A Canadian real estate expert believes renters will see little benefit to changes in Canada’s interest rates, even as rental prices across the country see sky-high increases.

A report from Rentals.ca and Urbanation, released on Monday, found the average asking price for a rental in December climbed 8.6 per cent year-over-year, to a record $2,178 per month.

Additionally, asking prices for a one-bedroom unit climbed 12.7 per cent on an annual basis to $1,932.

 “When you look at the last two-year period, rents have grown by about 22 per cent,” Shaun Hildebrand, president of Urbanation, told BNN Bloomberg in a television interview on Tuesday. “This just speaks to how strong rental demand is across the country right now.”

 “This is obviously much faster than income growth and it’s causing a real deterioration of rental affordability across the country.”

 While many economists believe rental prices could stabilize once the Bank of Canada brings interest rates down – expected later this year -- Hildebrand isn’t so convinced.

 “We’ve been underbuilding rental housing for decades, so there’s not going to be a whole lot of change, unfortunately,” he said. 

Hildebrand said lower interest rates may push renters into homeownership and other measures, such as the cap on foreign students, may help with rental supply. However, he added the overall impact of the measures will be muted.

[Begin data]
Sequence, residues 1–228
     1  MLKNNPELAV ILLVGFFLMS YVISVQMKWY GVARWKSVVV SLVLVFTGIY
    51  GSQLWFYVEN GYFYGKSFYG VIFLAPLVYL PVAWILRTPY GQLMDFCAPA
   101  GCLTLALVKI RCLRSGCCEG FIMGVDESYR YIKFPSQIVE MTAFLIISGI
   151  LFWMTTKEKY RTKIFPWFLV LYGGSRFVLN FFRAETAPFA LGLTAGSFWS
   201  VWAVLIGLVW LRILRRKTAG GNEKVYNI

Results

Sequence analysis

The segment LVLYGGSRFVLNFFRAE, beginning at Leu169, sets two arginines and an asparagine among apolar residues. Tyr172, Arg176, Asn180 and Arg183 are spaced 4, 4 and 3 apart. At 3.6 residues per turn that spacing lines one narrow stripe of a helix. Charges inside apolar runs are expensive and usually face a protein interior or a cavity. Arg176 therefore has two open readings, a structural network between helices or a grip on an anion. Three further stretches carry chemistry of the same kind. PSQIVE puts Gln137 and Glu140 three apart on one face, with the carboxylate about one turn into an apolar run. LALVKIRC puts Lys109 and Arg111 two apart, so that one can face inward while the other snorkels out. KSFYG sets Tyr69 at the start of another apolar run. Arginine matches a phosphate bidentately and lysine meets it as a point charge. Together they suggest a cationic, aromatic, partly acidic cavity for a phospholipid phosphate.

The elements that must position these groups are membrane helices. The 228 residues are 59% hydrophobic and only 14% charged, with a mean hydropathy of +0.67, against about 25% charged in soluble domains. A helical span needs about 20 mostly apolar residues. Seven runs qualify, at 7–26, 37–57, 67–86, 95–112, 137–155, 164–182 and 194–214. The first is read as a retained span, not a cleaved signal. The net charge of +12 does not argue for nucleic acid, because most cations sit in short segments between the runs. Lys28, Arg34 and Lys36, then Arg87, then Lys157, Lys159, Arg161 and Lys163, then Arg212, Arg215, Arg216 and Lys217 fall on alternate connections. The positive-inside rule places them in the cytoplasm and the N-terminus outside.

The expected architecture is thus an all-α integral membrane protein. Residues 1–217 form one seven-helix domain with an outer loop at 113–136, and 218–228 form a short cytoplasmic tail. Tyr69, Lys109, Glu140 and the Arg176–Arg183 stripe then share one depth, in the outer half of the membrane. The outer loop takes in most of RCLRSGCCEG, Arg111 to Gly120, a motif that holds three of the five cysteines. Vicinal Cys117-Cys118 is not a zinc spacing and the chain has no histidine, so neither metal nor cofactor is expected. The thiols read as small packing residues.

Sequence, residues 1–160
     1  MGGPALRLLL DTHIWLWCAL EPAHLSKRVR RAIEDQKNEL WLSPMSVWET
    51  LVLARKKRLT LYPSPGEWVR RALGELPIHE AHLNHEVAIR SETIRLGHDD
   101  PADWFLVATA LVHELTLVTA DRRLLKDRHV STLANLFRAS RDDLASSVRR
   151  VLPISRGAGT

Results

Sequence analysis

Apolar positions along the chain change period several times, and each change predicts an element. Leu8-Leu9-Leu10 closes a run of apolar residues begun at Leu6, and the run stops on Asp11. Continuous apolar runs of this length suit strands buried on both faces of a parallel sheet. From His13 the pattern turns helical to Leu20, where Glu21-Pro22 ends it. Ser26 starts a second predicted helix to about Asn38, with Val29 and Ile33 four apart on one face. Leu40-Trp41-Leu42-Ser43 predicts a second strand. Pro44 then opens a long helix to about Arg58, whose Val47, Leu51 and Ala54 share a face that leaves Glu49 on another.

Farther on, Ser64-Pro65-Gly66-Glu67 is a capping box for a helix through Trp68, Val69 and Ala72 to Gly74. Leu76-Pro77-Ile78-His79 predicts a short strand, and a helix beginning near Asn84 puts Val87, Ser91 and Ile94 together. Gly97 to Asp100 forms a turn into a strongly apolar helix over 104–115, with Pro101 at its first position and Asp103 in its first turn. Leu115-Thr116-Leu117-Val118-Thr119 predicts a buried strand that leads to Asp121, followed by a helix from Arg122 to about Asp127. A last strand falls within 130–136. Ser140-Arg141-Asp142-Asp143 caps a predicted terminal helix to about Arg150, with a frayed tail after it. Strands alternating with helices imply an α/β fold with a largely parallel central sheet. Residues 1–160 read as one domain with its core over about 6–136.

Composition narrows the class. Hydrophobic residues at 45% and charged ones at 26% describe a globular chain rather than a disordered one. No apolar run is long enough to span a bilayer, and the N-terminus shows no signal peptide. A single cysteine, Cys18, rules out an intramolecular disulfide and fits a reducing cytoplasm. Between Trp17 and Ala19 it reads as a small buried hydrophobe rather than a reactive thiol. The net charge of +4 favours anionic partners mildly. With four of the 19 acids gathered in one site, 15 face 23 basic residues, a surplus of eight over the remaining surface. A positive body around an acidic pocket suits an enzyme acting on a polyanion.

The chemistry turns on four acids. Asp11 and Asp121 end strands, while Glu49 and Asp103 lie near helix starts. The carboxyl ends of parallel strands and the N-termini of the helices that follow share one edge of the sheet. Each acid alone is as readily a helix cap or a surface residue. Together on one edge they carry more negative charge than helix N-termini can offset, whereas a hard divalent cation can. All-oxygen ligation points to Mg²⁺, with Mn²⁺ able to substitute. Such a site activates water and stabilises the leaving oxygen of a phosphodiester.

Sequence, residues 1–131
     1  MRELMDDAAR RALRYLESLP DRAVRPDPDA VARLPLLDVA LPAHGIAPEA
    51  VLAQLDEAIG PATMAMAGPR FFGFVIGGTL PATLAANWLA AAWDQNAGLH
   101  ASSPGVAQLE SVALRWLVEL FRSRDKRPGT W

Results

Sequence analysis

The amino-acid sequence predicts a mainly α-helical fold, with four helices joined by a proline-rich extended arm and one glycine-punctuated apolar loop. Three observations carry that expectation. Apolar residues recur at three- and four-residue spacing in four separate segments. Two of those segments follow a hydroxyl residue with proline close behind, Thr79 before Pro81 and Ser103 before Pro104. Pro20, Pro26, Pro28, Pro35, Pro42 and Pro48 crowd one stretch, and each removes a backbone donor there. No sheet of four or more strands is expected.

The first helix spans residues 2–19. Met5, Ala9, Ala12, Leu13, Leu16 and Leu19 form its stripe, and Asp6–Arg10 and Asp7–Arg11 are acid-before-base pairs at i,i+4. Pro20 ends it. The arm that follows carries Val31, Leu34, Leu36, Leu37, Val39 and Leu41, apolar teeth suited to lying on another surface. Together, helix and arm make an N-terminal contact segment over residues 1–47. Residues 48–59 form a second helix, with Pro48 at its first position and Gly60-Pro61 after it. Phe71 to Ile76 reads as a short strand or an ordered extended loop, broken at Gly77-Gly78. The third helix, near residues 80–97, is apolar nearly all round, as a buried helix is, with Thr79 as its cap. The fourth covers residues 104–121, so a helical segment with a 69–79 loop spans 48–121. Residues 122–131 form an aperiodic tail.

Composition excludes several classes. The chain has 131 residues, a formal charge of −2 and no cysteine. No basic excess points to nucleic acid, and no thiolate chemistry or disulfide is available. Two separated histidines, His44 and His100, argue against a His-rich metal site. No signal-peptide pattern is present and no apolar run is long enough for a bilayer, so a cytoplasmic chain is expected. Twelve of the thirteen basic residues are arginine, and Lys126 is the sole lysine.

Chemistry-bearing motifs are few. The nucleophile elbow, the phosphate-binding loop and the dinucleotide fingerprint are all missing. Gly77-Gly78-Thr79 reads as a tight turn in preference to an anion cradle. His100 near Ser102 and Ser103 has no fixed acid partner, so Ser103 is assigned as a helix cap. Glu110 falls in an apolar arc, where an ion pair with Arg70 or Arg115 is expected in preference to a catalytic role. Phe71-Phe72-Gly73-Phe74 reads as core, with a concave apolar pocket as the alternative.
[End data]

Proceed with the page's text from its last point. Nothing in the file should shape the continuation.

“That should take a little bit of steam out of the market, but still we’re expecting to see rent growth in the five per cent range for the country, which is bringing things back in line with the five-year average,” he said.

Hildebrand pointed to three factors hurting rental prices in the country: record population growth, soft real estate activity and a stable economy.


While rent prices saw increases of nearly 10 per cent nationally, Canada’s two biggest cities, Toronto and Vancouver, actually saw rent prices decline.

Vancouver saw average rent decline by 5.8 per cent in December compared to a month prior, while Toronto’s declined by 2.8 per cent in the same time frame.  

Meanwhile, cities that saw significant population growth, such as Calgary and Halifax, took the brunt of the rent price hikes.

“I think this speaks to some resistance in the market to how expensive rents have become and there’s been some outward migration from these big expensive cities into relatively more affordable markets,” Hildebrand said.